Trade Leaders' Guide: What new requirements for traders has BEUC recommended to be introduced in the EU ADR Directive?

Some months ago, the European consumer organization BEUC issued recommendations to the European Commission for changes to the ADR Directive 2013/11/EU.

After consulting a number of organizations dealing with consumer rights and alternative consumer dispute resolution, the organization has come to the conclusion that the directive is not applied sufficiently comprehensively across the various business sectors and EU member states.

Areas for improvement have been defined, and of particular importance is the one related to traders' reluctance to participate in ADR procedures for complaints against them. BEUC recommends that traders should be obliged to participate in consumer disputes, to participate in good faith and not pro forma and when concluding an agreement, to honour it and not to refuse to pay compensation.

The organization recommends that state authorities should require ADR bodies to regularly report and make public a list of traders who refuse to participate in ADR procedures, do not participate in good faith and do not comply with the agreed terms of ADR agreements.

Of course, the question immediately arises here, to what extent this will lead the traders to build trust and a positive attitude towards the process and whether the principle of voluntariness, which is fundamental in mediation, is not compromised.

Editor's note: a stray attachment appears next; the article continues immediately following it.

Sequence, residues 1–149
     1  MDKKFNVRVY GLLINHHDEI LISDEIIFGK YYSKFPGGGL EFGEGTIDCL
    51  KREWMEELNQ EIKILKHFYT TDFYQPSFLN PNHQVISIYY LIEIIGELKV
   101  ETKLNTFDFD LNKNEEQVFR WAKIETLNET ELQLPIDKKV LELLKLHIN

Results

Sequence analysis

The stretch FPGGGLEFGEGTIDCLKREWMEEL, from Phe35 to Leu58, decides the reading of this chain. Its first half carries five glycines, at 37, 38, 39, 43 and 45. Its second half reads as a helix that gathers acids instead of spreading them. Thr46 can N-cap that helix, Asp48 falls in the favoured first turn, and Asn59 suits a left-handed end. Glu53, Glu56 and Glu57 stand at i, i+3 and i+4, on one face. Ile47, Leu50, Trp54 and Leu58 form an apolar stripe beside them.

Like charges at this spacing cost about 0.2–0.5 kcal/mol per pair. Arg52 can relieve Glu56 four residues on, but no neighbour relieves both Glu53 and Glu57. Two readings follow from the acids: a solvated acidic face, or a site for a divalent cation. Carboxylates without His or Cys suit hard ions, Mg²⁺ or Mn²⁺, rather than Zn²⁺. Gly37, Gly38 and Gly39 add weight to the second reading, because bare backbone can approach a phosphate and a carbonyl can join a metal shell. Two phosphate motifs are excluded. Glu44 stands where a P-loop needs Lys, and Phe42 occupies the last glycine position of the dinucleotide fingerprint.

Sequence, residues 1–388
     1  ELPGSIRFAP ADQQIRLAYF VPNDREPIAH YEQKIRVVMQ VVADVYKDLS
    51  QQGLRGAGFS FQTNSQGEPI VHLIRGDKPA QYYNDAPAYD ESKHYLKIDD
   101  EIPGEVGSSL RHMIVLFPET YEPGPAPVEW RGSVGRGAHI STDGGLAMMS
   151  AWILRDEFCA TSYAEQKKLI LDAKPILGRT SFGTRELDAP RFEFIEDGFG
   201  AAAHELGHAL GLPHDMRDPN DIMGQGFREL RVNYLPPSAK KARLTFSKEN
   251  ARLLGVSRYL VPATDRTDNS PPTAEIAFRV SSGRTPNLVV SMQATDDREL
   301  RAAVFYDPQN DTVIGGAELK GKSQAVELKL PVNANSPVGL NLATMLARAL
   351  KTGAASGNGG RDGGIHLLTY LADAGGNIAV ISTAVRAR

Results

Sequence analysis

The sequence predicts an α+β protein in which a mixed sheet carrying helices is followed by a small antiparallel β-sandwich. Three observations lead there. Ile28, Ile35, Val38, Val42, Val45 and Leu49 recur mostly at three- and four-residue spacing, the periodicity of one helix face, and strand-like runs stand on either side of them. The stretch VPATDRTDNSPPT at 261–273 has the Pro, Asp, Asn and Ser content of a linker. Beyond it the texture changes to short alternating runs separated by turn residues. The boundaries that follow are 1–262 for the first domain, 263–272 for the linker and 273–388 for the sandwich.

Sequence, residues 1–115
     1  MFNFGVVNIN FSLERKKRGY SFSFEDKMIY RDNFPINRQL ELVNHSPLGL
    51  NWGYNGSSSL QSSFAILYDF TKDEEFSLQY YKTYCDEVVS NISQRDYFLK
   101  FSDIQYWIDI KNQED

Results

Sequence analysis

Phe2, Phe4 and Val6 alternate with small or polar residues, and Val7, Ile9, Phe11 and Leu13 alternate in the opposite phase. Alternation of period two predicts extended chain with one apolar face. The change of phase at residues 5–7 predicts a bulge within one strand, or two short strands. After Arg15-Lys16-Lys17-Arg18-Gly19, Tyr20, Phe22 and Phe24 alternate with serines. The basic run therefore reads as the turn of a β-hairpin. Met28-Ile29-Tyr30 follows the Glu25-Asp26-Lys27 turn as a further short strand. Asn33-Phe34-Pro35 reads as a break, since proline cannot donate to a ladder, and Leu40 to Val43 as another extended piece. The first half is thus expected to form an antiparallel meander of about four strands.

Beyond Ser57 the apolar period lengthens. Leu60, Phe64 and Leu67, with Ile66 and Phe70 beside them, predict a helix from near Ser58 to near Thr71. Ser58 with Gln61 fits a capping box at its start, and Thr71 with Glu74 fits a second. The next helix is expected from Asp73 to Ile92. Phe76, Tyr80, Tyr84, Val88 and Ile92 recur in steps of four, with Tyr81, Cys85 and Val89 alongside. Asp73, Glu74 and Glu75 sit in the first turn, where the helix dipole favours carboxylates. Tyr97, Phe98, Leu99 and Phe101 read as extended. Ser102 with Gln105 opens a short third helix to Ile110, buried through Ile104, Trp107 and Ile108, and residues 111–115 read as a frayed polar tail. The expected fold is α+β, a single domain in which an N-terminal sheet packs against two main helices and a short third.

There is also a discussion regarding whether the participation in the alternative dispute resolution procedure itself should be mandatory for the trader, or whether it should still remain voluntary, but the trader's participation in ADR structures, such as NAIS, should be mandatory. In this way, the trader will have the freedom to decide whether to enter the dispute resolution procedure or not, in the event that he already had an agreement in principle or, on the contrary, there is none and the consumer's complaint is escalated to the CPC, which makes participation in conciliation procedure non-sense.

In any case, whether participation in alternative dispute resolution schemes such as the National Association for Out-of-court Settlements is mandatory or not, their membership in such a structure is a matter of prestige and an extremely positive image. In this way, they demonstrate a willingness to respond to their customers' complaints, which indicates a proactive attitude to the cases of dissatisfied consumers and a willingness to improve the quality of their customer service.

Read how a trader can become an associate member of NAIS in the About Traders page on the association's website

You can learn more about the benefits of addressing complaints from dissatisfied customers in publications from the Trade Leaders' Guide section in the News page of

Published on 13.10.2023 Back to news